OTTAWA — The federal government hopes to start receiving doses of AstraZeneca’s recently approved COVID-19 vaccine this week as the flood of shots that flowed into Canada from Pfizer-BioNTech and Moderna last week partially subsides. Health Canada announced on Friday that it had approved the AstraZeneca vaccine, the third COVID-19 shot to have received regulatory approval since the start of the pandemic. Canada has ordered 24 million doses of the vaccine, with the majority to be delivered from the United States between April and September. But two million jabs have been ordered from the Serum Institute of India, and Verity Pharmaceuticals, which is facilitating the institute’s application in Canada, has said the first 500,000 would reach Canadian shores this week. A senior government official told The Canadian Press on background Sunday that the first of those doses could start to arrive in Canada as early as Wednesday, though the shipment has not been confirmed. Dr. Supriya Sharma, the chief medical adviser at Health Canada, also told the CBC on Sunday that the regulator had received additional information over the weekend from Johnson and Johnson, which is seeking approval for its own vaccine. Regulators in the U.S. gave it the green light over the weekend. Sharma said Health Canada is hoping to approve Johnson & Johnson's vaccine in "the next couple of weeks," but added any decision is contingent on the information presented by the company. As it stands now, the Public Health Agency of Canada is currently only expecting delivery of about 445,000 vaccine doses this week, which is about 200,000 less than last week’s record high of 640,000 doses in a seven-day period. The confirmed doses are all coming from Pfizer-BioNTech, as the two companies settle into a rhythm following a month-long delivery lull in January and much of February due to production upgrades in Europe. The pharmaceutical giants have pledged to deliver 4 million doses by the end of March. Canada received 168,000 doses of Moderna’s vaccine last week, but the company only delivers every three weeks. Clinical trials showed the AstraZeneca vaccine to be less effective at preventing infection than the other two, but it is still keeping people from getting very sick or dying, Sharma said Friday. Pfizer and Moderna both reported their products were 95 per cent effective in preventing COVID-19 infections in immunized patients compared to those who received a placebo. Efficacy of the AstraZeneca vaccine is believed to be around 62 per cent. It’s not entirely clear yet how provinces and territories will incorporate the AstraZeneca vaccine into their inoculation efforts, but the product offers a more flexible option since shots can be shipped and stored in refrigerators rather than freezers. AstraZeneca vaccines are to be given in two doses between four and 12 weeks apart. Sharma said there is some indication that waiting longer for a follow-up jab leads to a better response, but that data is not yet complete. There have been some concerns raised about the AstraZeneca vaccine in recent weeks, including its effectiveness against virus variants of concern and whether there is enough data to show it works on older recipients. Several European countries, including Germany and France, limited AstraZeneca's vaccine to residents under the age of 65. Sharma said there were a limited number of people over 65 involved in the clinical trials, but that data, coupled with the real-world experience in the United Kingdom, shows strong evidence seniors are protected. Canada’s vaccine program is ramping up after the lengthy slowdown in deliveries. More than 300,000 people were vaccinated in the last week, almost one-fifth of the total doses injected since the first immunizations began Dec. 14. About 700,000 people had received one dose as of Friday afternoon, and more than 500,000 are now fully vaccinated with two doses. Quebec is set to expand its vaccination effort to the general public on Monday by allowing seniors 85 or older to begin booking appointments. The age threshold has been lowered to 80 for seniors in the Montreal area. The AstraZeneca vaccine works differently than the other two already in use in Canada. Both Pfizer-BioNTech and Moderna use messenger RNA technology, using RNA encoded with the piece of the SARS-CoV-2 virus known as the spike protein. The mRNA trains the body to fight off a COVID-19 infection. AstraZeneca is a viral vector vaccine, which takes a cold virus, modifies it so it can’t reproduce itself, and adds the SARS-CoV-2 spike protein. When injected, it too provokes the body to develop infection-fighting antibodies and cells to combat the virus. This report by The Canadian Press was first published Feb. 28, 2021. Lee Berthiaume, The Canadian Press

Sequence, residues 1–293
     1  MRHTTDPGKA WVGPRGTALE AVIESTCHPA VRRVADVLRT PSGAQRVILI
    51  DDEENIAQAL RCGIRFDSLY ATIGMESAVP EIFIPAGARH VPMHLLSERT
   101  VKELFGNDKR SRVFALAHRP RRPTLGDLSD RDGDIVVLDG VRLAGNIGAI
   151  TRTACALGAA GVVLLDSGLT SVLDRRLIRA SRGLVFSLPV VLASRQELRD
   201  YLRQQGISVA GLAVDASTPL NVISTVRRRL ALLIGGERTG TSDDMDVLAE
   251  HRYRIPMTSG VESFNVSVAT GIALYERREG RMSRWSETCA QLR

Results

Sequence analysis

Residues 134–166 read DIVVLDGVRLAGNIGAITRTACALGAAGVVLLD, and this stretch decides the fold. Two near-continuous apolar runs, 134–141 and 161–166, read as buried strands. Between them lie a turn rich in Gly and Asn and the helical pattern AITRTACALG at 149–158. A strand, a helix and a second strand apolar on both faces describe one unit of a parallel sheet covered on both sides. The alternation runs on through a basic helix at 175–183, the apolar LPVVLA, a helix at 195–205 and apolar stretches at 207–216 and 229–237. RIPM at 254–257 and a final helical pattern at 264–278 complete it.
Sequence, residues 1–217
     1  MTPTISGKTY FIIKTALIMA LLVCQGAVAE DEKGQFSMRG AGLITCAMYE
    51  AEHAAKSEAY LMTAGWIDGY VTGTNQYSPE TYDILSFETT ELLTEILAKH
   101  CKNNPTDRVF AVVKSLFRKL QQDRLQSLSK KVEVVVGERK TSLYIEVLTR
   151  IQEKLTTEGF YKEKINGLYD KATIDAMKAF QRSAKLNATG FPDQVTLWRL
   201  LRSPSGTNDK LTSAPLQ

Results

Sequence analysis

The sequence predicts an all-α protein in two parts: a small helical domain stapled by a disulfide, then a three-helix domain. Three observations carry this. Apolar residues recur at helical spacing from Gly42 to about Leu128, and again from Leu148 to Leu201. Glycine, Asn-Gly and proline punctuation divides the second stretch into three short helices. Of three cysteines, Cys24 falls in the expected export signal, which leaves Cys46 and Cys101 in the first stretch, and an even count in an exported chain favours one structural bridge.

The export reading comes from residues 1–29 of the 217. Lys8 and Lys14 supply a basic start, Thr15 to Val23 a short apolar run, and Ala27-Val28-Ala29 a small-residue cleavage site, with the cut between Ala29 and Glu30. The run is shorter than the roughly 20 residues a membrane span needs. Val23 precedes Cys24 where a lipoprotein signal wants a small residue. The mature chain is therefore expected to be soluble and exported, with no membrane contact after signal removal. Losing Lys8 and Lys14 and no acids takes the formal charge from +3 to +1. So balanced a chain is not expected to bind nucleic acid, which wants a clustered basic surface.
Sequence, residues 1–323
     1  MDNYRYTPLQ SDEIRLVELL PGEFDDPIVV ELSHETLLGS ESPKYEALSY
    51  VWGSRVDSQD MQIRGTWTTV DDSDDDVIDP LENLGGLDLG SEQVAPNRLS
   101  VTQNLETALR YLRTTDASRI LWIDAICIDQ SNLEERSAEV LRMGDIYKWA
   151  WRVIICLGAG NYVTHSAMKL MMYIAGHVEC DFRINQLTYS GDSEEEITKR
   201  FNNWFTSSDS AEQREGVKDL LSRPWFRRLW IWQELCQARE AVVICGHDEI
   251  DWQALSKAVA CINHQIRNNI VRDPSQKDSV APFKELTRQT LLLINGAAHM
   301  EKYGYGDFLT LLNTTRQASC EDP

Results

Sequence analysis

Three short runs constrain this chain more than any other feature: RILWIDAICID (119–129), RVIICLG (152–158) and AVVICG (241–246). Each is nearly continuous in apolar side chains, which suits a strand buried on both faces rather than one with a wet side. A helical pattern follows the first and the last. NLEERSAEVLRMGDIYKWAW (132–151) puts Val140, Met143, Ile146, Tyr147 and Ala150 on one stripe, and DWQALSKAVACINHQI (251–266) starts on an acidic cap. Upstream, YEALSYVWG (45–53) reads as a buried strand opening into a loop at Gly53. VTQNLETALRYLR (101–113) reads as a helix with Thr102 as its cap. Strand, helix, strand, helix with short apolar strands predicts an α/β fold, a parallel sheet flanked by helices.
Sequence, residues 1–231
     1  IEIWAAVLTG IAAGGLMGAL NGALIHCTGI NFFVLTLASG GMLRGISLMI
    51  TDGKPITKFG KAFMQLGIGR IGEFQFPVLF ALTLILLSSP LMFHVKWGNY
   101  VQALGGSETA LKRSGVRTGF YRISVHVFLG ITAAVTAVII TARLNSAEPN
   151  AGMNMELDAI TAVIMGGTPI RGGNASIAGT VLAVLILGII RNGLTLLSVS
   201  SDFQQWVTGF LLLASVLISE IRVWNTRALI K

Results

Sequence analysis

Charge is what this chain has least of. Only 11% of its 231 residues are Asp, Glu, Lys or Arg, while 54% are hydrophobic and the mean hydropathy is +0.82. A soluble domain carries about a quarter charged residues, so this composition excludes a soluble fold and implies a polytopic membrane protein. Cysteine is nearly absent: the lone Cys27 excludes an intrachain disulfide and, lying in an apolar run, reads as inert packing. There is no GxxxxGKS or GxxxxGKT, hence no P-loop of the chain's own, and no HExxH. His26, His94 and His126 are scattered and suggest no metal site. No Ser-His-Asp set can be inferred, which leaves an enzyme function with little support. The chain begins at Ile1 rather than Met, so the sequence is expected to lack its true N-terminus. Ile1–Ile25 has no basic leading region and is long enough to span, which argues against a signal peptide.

ORLANDO, Fla. — Taking the stage for the first time since leaving office, former President Donald Trump called for GOP unity, even as he exacerbated intraparty divisions by attacking fellow Republicans and promoting lies about the election in a speech that made clear he intends to remain a dominant political force. Speaking Sunday at the Conservative Political Action Conference, where he was hailed as a returning hero, Trump blasted his successor, President Joe Biden, and tried to lay out a vision for the future of the GOP that revolves firmly around him, despite his loss in November. “Do you miss me yet?” Trump said after taking the stage to his old rally soundtrack and cheers from the supportive crowd. Trump, in his speech, tried to downplay the civil war gripping the party over the extent to which Republicans should embrace him, even as he unfurled an enemies list, calling out by name the 10 House Republicans and seven GOP senators who voted to impeach or convict him for inciting the U.S. Capitol riot. He ended by singling out Rep. Liz Cheney, the No. 3 House Republican, who has faced tremendous backlash in Wyoming for saying Trump should no longer play a role in the party or headline the event. While he insisted the division was merely a spat “between a handful of Washington, D.C., establishment political hacks and everybody else, all over the country," Trump had a message for the incumbents who had dared to cross him: “Get rid of ’em all." The conference, held this year in Orlando instead of the Washington suburbs to evade COVID-19 restrictions, served as a tribute to Trump and Trumpism, complete with a golden statue in his likeness on display. Speakers, including many potential 2024 hopefuls, argued that the party must embrace the former president and his followers, even after the deadly insurrection at the Capitol on Jan. 6. They also repeated in panel after panel his unfounded claims that he lost reelection only because of mass voter fraud, even though such claims have been rejected by judges, Republican state officials and Trump’s own administration. Trump, too, continued to repeat what Democrats have dubbed the “big lie," calling the election “rigged” and insisting that he won in November, even though he lost by more than 7 million votes. “As you know, they just lost the White House,” he said of Biden, rewriting history. It is highly unusual for past American presidents to publicly criticize their successors in the months after leaving office. Ex-presidents typically step out of the spotlight for at least a while: Barack Obama was famously seen kitesurfing on vacation after he departed, while George W. Bush said he believed Obama “deserves my silence” and took up painting. Not Trump. He delivered a sharp rebuke of what he framed as the new administration’s first month of failures, especially Biden’s approach to immigration and the border. “Joe Biden has had the most disastrous first month of any president in modern history,” Trump said. White House press secretary Jen Psaki had brushed off the expected criticism last week. “We’ll see what he says, but our focus is certainly not on what President Trump is saying at CPAC,” she told reporters. Aside from criticizing Biden, Trump used the speech to crown himself the future of the Republican Party, even as many leaders argue they must move in a new, less divisive direction after Republicans lost not just the White House, but both chambers of Congress. Though Trump has flirted with the the idea of creating a third party, he pledged Sunday to remain part of “our beloved" GOP. “I’m going to continue to fight right by your side. We’re not starting new parties,” he said. “We have the Republican Party. It’s going to be strong and united like never before.” Yet Trump spent much of the speech lashing out at those he has deemed insufficiently loyal and dubbed “RINOs” — Republican in name only — for failing to stand with him. “We cannot have leaders who show more passion for condemning their fellow Americans than they have ever shown for standing up to Democrats, the media and the radicals who want to turn America into a socialist country,” Trump said. Trump did not use his speech to announce plans to run again, but he repeatedly teased the prospect as he predicted a Republican would win back the White House in 2024. “And I wonder who that will be,” he offered. “Who, who, who will that be? I wonder.” It remains unclear, however, how much appetite there would be for another Trump term, even in the room of staunch supporters. The conference's annual unscientific straw poll of just over 1,000 attendees found that 97% approved of the job Trump did as president. But they were much more ambiguous when asked whether he should run again, with only 68% saying he should. If the 2024 primary were held today and Trump were in the race, just 55% said they would vote for him, followed by Florida Gov. Ron DeSantis at 21%. Without Trump in the field, DeSantis garnered 43% support, followed by 8% for South Dakota Gov. Kristi Noem and 7% each for former Secretary of State Mike Pompeo and Texas Sen. Ted Cruz. While he no longer has his social media megaphone after being barred from Twitter and Facebook, Trump had been inching back into public life even before the speech. He called into conservative news outlets after talk radio star Rush Limbaugh's death and has issued statements, including one blasting Mitch McConnell after the Senate Republican leader excoriated Trump for inciting the Capitol riot. McConnell has since said he would “absolutely” support Trump if he were the GOP nominee in 2024. At his Mar-a-Lago club in Palm Beach, Florida, Trump has also been quietly meeting with aides and senior party leaders as he builds his post-presidential political operation. While he has already backed several pro-Trump candidates, including one challenging an impeachment supporter, aides have been working this past week to develop benchmarks for those seeking his endorsement to make sure the candidates are serious and have set up full-fledged political and fundraising organizations before he gets involved. They are also planning a new super PAC that could raise unlimited amounts of money, though one aide cautioned they were still deciding whether to create a new entity or repurpose an existing America First super PAC. Trump hinted at the effort Sunday, voicing his commitment to helping elect Republicans and calling on attendees to join him. “I stand before you today to declare that the incredible journey we begun together ... is far from being over," he said. Jill Colvin, The Associated Press